A lunar rock delivered to Earth practically half a century in the past is revealing new details about the moon’s advanced historical past.
NASA’s Apollo 17 mission left the moon to return to Earth 49 years in the past Tuesday (Dec. 14) and humanity hasn’t been again to our pure satellite since. In a brand new research, researchers examined a moon rock collected by astronauts throughout Apollo 17. By measuring the composition of the rock, designated “troctolite 76535,” scientists have discovered patterns that time to a 20-million-year cooling interval throughout the moon’s historical past, defying earlier understanding of lunar evolution.
“Our findings prompt the lunar science community to take a new look at how this sample, as well as how its companion Apollo samples,” shaped, William Nelson, a researcher on the University of Hawaiʻi at Mānoa who led the brand new research, informed Space.com.
Related: The Apollo moon landings: How they worked (infographic)
Analyzing moon rocks
Nelson and the staff selected this particular pattern to work with as a result of it’s exceptionally pristine. “It has not been strongly modified by impacts during its time on the moon’s surface,” Nelson mentioned. “Such pristinity is rare for lunar rocks.”
The staff was measuring phosphorus within the pattern once they discovered attention-grabbing patterns of chemical variation inside the rock’s mineral grains, which embody olivine and plagioclase minerals.
“This was unexpected, as previous studies had reported both of these minerals to lack any chemical variation,” Nelson mentioned. He added that staff members discovered that these variations within the grains “could not have survived for as long as previously thought.”
Until now, it was thought that in some unspecified time in the future after the moon’s formation it skilled a 100-million-year interval of cooling. But in this pattern, “we found that it could have taken no longer than 20 [million years] for this sample to cool to the point of complete solidification,” Nelson mentioned.
“If the sample had cooled as slowly as previously suggested, then it should have no variations in P[phosphorus] content,” Nelson mentioned, including that any variations would have way back been “ironed out.”
This discovering adjustments our understanding of the moon’s historical past and evolution by a whopping 80 million years.
Related: Apollo 17: NASA’s last Apollo moon landing mission in pictures
Studying the previous
Studying a moon rock requires that you just take some critical precautions. Not solely have there been human well being dangers related to lunar dust, or regolith, however scientists additionally wish to watch out with these samples as they’re extraordinarily exhausting to return by.
“We handled the sample wearing gloves and using a delicate touch,” Nelson mentioned. “At all times, the sample remains either in a secure vault, on the person of one of us or inside an instrument. As for long-term storage, the lunar sample curation team at NASA’s Johnson Space Center preserves these samples and makes them available for scientific research.”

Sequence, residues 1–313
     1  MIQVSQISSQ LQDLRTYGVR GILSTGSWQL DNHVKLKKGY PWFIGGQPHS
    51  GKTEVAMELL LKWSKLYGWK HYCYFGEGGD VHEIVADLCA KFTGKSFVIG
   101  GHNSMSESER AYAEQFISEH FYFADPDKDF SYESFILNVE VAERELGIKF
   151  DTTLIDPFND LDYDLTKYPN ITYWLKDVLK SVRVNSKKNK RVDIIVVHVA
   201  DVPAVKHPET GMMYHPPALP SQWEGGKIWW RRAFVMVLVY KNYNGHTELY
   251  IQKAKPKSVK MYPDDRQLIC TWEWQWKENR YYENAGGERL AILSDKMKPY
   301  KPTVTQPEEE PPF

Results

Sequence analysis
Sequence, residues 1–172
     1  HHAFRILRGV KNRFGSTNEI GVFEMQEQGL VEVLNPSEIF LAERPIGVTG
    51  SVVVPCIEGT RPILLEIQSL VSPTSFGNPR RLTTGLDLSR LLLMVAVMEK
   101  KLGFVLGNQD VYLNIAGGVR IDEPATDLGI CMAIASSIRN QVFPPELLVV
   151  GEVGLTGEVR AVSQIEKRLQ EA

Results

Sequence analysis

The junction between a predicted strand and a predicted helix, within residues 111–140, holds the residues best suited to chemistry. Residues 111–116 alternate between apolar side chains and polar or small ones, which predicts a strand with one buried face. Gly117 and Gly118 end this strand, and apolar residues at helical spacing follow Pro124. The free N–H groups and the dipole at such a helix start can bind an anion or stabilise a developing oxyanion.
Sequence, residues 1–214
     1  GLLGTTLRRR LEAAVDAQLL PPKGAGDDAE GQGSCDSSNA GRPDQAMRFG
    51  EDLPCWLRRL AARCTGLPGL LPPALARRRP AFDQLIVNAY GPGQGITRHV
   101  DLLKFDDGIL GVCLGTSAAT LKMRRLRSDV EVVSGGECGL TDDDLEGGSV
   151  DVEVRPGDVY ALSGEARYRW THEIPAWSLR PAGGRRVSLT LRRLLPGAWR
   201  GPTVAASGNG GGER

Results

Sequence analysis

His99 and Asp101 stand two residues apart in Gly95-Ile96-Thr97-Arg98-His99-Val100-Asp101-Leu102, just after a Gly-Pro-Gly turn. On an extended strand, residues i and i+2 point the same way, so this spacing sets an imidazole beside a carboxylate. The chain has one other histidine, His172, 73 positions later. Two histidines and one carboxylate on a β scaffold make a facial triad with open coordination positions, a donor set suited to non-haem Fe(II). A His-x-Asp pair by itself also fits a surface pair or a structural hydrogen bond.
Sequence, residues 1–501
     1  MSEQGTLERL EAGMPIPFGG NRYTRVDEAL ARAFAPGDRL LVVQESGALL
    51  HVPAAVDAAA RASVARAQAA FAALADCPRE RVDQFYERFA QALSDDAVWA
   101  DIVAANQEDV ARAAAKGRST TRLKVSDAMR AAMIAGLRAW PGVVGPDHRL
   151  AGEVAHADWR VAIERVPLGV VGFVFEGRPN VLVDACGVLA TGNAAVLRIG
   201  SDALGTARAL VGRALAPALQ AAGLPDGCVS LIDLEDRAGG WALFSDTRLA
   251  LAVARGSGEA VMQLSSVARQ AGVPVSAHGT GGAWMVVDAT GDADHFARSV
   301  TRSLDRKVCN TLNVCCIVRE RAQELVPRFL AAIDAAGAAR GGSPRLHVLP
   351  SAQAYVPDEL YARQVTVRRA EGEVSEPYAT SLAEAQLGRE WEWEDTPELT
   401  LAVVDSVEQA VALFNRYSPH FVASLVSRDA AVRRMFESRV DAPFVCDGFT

Despite the variety of years since its assortment, Nelson asserted that a lot can nonetheless be discovered from samples collected throughout NASA’s Apollo program.
“I believe quite a bit can still be learned from the Apollo sample collection,” Nelson mentioned.
“First and foremost, as demonstrated by this study, analytical techniques are always improving,” he added. “Signals that were previously hidden because they were subtle can now be detected and leveraged in new ways.”
“Further, there has been a very small number of sample-return missions. Each one has contributed enormous scientific value and has helped us to understand the moon’s geologic history,” Nelson mentioned. “There is a positive feedback loop: orbital spacecraft and terrestrial observations motivate us to revisit and reevaluate the sample collection, leading to improved models of lunar formation and evolution.”
Now, whereas a lot can nonetheless be discovered from current samples with new strategies, Nelson did add that new missions and packages that acquire such samples are paving the way in which for much more analysis. Nelson pointed to China’s Chang’e 5 mission, which in 2020 delivered lunar samples to Earth — the primary to return right here in a really very long time. Nelson additionally famous anticipated progress with NASA’s Artemis program, the company’s new crewed lunar program that goals to return people to the moon and which may also contain pattern return.
“I anticipate an exciting decade for lunar sample research!” Nelson mentioned.
The new research was published Dec. 14 within the journal Nature Communications.
Email Chelsea Gohd at firstname.lastname@example.org or observe her on Twitter @chelsea_gohd. Follow us on Twitter @Spacedotcom and on Facebook.